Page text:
It’s taken longer than we’d perhaps wanted, but the PMM penny seems to have finally dropped, with the benefits of having an awesome product marketing team in place being appreciated by C-Suiters, as highlighted in our recent report.

As advocates of the PMM process, we’ve been blowing our own trumpet for a while now, and it’s no real surprise that more companies are keen to dive on the bandwagon, and reap the benefits of having a kick-ass team on their roster.

But before we tell you how to start your team, let’s make sure we’re singing off the same hymn sheet, shall we?

In this article, we'll be answering focusing on key topics, such as:

What is product marketing?

"What is product marketing?"

It's a question that comes up time and again, and there are tons of product marketing definitions flying around.

While many are spot on, some miss the mark, and the jury’s out as to whether there’ll ever be a unified definition for a role that's so varied. Before you begin building your product marketing team though you need one that works for your set-up, and here’s ours:

“Simply put, product marketing can be summed up as the driving force behind getting products to market - and keeping them there. Product marketers are the overarching voices of the customer, masterminds of messaging, enablers of sales, and accelerators of adoption. All at the same time.”

Why is product marketing important?

Whether you’re a start-up setting the right habits early on, or an established company breaking the product marketing mold, in today’s competitive market, having a dedicated product marketing team can play a pivotal role in ensuring you resonate with your market and buyer. After all, if you don’t know your target market, your appeal will diminish, along with your sales.

A product marketing team contributes significantly to marketing and sales strategies that can differentiate you from your competitors; it’s an essential piece of the company puzzle, and while we’re perhaps biased, the benefits are there for all to see.

You'll improve your market understanding

Establishing an understanding of the market, what the customer within that market is craving, and how they can gain a foothold on their competition, is the bread and butter for any product marketer.

Introducing a specialist product marketing team can be a landmark moment for your organization, in that it not only aligns core principles such as positioning, outreach, competitive differentiation, and go-to-market strategy, but PMMs can also inspire existing members within a team to think more strategically.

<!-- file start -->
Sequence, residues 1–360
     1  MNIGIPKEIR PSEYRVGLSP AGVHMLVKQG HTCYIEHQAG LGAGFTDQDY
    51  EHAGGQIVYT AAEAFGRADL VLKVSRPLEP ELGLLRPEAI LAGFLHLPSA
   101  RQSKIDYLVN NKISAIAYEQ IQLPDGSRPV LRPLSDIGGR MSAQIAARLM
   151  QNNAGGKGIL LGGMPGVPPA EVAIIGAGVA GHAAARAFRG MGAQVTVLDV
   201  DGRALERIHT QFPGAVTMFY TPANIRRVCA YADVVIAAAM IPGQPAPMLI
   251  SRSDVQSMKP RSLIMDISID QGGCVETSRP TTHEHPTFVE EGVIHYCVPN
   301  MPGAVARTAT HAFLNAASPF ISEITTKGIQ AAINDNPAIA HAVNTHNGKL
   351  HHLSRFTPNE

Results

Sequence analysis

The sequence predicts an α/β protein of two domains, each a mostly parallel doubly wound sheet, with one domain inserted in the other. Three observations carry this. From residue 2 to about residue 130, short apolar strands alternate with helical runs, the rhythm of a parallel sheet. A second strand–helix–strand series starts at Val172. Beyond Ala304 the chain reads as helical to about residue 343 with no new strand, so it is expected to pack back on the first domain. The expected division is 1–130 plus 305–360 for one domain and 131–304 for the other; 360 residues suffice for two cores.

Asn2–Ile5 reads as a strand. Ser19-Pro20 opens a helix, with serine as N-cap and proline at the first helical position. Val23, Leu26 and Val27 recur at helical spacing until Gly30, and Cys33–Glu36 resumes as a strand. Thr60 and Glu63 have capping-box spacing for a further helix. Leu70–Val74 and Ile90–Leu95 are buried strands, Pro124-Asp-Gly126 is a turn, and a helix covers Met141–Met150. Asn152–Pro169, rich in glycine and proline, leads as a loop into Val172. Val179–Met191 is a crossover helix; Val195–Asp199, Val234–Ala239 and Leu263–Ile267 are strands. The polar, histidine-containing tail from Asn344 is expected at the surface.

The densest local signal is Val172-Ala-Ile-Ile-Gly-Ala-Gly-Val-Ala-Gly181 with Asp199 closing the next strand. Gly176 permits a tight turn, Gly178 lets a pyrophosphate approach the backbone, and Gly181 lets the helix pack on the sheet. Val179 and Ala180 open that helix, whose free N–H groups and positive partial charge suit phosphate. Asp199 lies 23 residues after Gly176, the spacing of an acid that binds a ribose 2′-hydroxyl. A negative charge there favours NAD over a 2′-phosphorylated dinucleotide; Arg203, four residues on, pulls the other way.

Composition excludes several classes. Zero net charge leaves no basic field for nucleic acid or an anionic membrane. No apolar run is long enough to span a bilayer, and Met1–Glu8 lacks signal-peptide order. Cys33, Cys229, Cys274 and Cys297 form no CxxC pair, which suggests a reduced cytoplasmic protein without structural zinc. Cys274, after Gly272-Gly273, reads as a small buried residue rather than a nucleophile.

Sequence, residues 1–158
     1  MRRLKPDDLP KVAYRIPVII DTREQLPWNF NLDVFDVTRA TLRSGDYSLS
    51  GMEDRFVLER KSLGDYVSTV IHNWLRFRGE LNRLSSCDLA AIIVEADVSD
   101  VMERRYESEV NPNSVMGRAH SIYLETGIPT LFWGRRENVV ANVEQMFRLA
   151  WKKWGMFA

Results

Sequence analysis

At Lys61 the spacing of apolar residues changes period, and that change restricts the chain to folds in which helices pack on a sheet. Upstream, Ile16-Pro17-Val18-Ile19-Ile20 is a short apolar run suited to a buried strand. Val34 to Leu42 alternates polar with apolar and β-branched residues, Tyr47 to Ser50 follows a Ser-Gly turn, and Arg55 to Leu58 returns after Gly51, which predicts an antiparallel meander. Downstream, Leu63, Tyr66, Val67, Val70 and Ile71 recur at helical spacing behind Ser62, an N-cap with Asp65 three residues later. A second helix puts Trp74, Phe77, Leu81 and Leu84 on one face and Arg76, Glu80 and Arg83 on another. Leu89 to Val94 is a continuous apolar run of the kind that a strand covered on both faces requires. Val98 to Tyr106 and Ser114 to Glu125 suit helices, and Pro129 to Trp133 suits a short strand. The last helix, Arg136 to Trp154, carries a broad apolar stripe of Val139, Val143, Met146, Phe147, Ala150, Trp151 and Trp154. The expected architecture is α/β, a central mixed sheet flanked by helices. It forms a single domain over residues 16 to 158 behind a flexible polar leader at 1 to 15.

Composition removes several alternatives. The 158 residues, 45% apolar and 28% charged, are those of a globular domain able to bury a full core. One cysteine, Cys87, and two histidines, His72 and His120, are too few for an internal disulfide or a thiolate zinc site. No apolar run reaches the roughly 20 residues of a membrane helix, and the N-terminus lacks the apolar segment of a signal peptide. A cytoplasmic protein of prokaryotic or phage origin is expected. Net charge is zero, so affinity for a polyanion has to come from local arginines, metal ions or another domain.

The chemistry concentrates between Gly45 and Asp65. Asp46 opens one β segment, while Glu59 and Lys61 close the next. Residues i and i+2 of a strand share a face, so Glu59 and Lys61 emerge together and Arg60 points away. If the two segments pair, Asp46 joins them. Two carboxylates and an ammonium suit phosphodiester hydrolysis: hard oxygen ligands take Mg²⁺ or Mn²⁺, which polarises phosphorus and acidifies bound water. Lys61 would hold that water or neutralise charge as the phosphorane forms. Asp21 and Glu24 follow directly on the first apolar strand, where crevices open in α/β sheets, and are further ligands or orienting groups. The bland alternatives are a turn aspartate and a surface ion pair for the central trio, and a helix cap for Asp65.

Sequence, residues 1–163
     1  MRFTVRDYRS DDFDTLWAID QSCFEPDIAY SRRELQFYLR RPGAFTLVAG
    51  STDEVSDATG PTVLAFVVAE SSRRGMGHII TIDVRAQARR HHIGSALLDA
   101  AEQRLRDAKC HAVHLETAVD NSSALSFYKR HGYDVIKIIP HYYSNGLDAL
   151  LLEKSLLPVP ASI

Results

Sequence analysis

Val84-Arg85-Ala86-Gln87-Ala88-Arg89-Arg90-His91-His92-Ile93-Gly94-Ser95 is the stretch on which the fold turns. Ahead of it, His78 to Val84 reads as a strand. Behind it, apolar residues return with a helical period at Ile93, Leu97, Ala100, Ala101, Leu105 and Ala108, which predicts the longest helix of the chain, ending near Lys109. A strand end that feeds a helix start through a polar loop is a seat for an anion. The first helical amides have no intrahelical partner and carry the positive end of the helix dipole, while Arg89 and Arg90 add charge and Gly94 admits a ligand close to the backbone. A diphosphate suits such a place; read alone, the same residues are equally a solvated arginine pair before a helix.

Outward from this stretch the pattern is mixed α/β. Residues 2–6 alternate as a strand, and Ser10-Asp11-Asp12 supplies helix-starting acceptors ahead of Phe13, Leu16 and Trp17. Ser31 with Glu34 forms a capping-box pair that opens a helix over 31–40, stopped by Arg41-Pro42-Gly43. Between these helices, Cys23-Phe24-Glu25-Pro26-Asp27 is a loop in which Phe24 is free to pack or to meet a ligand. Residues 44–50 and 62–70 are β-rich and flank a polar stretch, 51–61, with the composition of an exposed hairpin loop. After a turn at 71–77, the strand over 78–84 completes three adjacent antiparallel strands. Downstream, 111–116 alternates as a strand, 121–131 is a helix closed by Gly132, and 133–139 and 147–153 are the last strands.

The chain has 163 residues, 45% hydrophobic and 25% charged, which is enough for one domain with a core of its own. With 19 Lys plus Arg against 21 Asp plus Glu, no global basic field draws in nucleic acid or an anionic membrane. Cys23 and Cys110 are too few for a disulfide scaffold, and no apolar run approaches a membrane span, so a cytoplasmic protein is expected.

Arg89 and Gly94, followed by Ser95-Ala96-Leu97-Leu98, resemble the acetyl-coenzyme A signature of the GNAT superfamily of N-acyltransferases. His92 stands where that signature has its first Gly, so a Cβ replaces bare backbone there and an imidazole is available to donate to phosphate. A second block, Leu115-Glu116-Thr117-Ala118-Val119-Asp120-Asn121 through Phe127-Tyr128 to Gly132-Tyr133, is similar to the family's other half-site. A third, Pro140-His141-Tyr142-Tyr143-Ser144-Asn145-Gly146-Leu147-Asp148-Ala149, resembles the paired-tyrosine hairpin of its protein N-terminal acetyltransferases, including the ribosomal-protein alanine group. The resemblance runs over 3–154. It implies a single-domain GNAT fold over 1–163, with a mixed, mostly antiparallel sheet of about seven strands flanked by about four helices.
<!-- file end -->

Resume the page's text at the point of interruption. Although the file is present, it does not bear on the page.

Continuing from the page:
Greater protection against market threats

Ever given your blood, sweat, and tears to a project, only to see it fall flat on its face? Sucks, doesn't it?

We’re all human, and seeing something we’ve worked hard on fail because of reasons out of our control is a real pain in the ass.

While product marketers aren’t the magic to every single solution, having a team of specialists on board can help identify potential threats, whether they be political, economic, social, technological, legal, or environmental.

PMM teams can protect your finances

Wanna know where so many companies go wrong when things aren’t going right? They try solving their problems by spending more money, and before they know it, they’ve created a monster. An expensive one, at that.

The good news is product marketing teams can help you mitigate risk when you’re planning your next move, saving you valuable time and money. User scenarios are thought through meticulously, and tests are put in place to give you the peace of mind you’re not squandering valuable resources.

A product marketing team will make sure you don’t make a decision whilst wearing rose-tinted spectacles, assess the bigger picture, and view things from a logical perspective, before offering an expert opinion.

So, now we’ve painted you a pretty picture, how about we help you set the wheels in motion?

Expert product marketing advice

So, with all that in mind, whether you’re a PMM yourself entering a new org as their first and only representative, or you’re a CMO, CPO, or CEO looking to bring a specialist on board, here's our advice to help you build your PMM team: